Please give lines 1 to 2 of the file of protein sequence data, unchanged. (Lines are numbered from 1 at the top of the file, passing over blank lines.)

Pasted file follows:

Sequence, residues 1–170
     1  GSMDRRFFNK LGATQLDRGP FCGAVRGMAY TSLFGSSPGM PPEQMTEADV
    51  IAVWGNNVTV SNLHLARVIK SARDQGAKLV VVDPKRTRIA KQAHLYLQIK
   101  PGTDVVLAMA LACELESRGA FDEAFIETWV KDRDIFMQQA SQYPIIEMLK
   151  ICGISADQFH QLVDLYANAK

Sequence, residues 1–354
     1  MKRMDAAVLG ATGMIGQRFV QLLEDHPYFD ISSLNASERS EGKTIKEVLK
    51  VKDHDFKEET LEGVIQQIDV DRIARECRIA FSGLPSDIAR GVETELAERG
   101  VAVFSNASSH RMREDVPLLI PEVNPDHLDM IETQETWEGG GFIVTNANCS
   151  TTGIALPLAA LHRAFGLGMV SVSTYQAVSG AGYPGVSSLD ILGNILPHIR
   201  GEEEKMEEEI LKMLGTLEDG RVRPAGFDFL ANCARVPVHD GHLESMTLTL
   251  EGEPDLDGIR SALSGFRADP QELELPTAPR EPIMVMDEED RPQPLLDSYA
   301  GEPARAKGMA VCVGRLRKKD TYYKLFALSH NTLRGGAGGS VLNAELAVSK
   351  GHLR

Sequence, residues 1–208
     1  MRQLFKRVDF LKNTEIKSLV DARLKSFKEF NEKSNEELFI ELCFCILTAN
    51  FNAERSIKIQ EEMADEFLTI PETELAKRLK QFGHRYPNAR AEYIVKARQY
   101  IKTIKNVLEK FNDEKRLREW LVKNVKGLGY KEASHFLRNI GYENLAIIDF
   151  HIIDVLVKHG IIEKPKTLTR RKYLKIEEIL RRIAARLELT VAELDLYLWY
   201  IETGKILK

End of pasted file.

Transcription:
Sequence, residues 1–170
     1  GSMDRRFFNK LGATQLDRGP FCGAVRGMAY TSLFGSSPGM PPEQMTEADV